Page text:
NY Through the Lens - New York City Photography

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The New York City Skyline. Lower Manhattan.—-

It’s in the way the city rises 

up towards the sky

conducting the clouds and waves

like a symphony. 

The crescendos are the

loud heartbeats 

of lovers and dreamers.

And the diminuendos are the

whispers of hope

uttered on soft breaths

infused by the promise of

something greater.

—-

This view is of the iconic skyline of Lower Manhattan. It features the skyscrapers of the Financial District. It’s the view you see when you are heading towards or away from Manhattan by boat. It’s a study of lines and shapes and it never fails to take my breath away. 

—-

Taken with the Sony NEX-6.


—-View this photo with a comment thread on my Google Plus
page—-View “New York City Skyline - Sunset over Midtown” in my
photography portfolio here, email me, or ask for
help.

The New York City Skyline. Lower Manhattan.


—-

It’s in the way the city rises

up towards the sky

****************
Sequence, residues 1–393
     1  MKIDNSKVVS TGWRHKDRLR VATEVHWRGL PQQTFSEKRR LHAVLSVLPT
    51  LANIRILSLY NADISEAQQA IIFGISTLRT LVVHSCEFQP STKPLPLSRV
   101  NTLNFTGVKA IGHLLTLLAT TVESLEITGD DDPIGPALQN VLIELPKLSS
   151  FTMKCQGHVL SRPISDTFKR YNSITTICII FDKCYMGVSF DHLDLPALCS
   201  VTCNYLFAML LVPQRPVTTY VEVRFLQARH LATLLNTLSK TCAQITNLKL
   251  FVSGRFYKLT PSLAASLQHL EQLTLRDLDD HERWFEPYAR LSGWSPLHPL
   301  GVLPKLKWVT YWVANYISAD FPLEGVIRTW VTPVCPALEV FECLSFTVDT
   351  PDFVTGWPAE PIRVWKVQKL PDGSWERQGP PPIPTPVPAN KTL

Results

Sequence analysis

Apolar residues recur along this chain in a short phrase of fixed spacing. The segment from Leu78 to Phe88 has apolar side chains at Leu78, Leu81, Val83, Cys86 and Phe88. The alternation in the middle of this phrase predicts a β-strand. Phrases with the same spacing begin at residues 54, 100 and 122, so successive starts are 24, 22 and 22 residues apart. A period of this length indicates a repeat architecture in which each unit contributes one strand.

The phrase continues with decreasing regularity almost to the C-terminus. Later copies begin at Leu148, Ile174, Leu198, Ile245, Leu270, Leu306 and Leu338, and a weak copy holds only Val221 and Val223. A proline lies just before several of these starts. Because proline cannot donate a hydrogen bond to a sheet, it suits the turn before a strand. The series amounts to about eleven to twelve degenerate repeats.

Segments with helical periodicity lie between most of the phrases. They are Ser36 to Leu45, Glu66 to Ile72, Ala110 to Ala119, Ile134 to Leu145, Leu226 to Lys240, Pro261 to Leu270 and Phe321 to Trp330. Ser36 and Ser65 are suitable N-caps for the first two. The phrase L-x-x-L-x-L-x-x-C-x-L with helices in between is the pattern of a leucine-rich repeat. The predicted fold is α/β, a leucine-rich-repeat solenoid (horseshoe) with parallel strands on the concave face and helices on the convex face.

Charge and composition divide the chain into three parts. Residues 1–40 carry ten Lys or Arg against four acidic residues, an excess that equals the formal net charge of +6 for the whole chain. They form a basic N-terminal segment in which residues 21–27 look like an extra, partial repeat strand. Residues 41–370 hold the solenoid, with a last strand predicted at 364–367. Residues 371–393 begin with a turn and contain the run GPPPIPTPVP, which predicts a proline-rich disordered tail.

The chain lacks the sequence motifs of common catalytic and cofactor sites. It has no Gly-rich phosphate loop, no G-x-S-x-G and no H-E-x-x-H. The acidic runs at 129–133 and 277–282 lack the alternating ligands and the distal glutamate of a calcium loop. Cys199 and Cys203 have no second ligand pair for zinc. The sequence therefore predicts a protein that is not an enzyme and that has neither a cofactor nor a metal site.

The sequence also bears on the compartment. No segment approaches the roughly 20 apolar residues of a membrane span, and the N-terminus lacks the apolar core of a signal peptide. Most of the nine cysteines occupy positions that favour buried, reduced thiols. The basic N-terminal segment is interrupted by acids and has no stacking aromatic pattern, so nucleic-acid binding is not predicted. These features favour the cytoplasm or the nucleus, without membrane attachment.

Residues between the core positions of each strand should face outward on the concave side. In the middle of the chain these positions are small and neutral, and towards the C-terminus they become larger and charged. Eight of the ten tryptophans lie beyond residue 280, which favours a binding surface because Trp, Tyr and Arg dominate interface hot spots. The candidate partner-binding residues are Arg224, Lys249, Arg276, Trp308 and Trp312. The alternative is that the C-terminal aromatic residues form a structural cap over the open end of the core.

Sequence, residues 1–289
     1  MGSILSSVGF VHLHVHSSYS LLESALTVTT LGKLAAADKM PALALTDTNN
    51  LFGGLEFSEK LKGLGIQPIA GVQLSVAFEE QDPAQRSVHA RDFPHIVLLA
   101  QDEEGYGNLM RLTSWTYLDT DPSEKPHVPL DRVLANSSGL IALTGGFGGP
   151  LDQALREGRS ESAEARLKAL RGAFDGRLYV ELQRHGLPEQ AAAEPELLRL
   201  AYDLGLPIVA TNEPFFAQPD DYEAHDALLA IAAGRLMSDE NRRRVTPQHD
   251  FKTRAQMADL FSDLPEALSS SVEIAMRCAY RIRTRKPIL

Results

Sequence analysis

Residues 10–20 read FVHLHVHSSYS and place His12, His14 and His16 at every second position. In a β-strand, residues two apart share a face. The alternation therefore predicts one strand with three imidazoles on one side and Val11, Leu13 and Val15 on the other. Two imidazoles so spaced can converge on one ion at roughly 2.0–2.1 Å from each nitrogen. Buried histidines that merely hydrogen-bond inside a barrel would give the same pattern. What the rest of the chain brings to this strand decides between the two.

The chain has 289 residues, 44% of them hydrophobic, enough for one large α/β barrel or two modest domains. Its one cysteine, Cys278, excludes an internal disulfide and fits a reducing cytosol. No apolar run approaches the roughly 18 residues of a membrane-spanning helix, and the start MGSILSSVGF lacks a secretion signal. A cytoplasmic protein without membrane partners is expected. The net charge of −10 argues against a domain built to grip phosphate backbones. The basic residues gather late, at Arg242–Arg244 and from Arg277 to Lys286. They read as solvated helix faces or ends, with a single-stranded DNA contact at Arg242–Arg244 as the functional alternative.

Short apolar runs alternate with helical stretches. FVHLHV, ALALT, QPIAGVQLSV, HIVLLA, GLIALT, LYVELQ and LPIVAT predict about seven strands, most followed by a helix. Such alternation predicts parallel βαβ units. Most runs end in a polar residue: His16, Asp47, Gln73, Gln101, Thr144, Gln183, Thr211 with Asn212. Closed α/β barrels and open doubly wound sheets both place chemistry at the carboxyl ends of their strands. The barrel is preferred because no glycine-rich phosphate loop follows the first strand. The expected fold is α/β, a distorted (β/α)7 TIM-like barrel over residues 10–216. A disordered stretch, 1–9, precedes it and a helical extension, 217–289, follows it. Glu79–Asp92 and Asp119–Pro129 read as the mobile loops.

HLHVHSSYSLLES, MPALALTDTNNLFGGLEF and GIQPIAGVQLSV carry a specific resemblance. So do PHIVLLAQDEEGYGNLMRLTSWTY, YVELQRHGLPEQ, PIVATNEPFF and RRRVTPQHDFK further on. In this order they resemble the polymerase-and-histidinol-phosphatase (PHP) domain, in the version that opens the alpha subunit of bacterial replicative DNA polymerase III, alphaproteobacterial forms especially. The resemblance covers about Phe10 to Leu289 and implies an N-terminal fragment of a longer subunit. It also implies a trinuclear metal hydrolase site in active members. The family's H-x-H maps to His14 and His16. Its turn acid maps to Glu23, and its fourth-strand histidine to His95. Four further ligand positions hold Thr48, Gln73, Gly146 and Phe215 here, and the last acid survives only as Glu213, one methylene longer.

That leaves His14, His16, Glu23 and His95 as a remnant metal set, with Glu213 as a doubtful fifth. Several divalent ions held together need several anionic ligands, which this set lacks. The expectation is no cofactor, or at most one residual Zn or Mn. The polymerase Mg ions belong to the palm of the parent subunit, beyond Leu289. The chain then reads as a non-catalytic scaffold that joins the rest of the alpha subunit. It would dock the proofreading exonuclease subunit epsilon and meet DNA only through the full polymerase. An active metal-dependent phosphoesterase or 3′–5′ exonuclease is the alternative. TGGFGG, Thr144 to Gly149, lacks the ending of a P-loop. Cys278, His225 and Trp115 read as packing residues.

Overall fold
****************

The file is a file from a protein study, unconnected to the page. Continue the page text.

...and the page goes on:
conducting the clouds and waves

like a symphony.

The crescendos are the

loud heartbeats

of lovers and dreamers.

And the diminuendos are the

whispers of hope

uttered on soft breaths

infused by the promise of

something greater.

—-

This view is of the iconic skyline of Lower Manhattan. It features the skyscrapers of the Financial District. It’s the view you see when you are heading towards or away from Manhattan by boat. It’s a study of lines and shapes and it never fails to take my breath away.

—-

Taken with the Sony NEX-6.

—-


View this photo with a comment thread on my Google Plus page


—-


View “New York City Skyline - Sunset over Midtown” in my photography portfolio here, email me, or ask for help.

New York City skyline and the rooftops of Long Island City, Queens. —-

There is something so magical about dusk in New York City. 

After the sun sets for the evening, the city is a symphony of lights reaching their crescendo at the same time as the night pulls itself over the rooftops and skyscrapers below. 

And if you squint just a little, 

all of the lights twinkle 

like fireflies in an urban forest. 

—-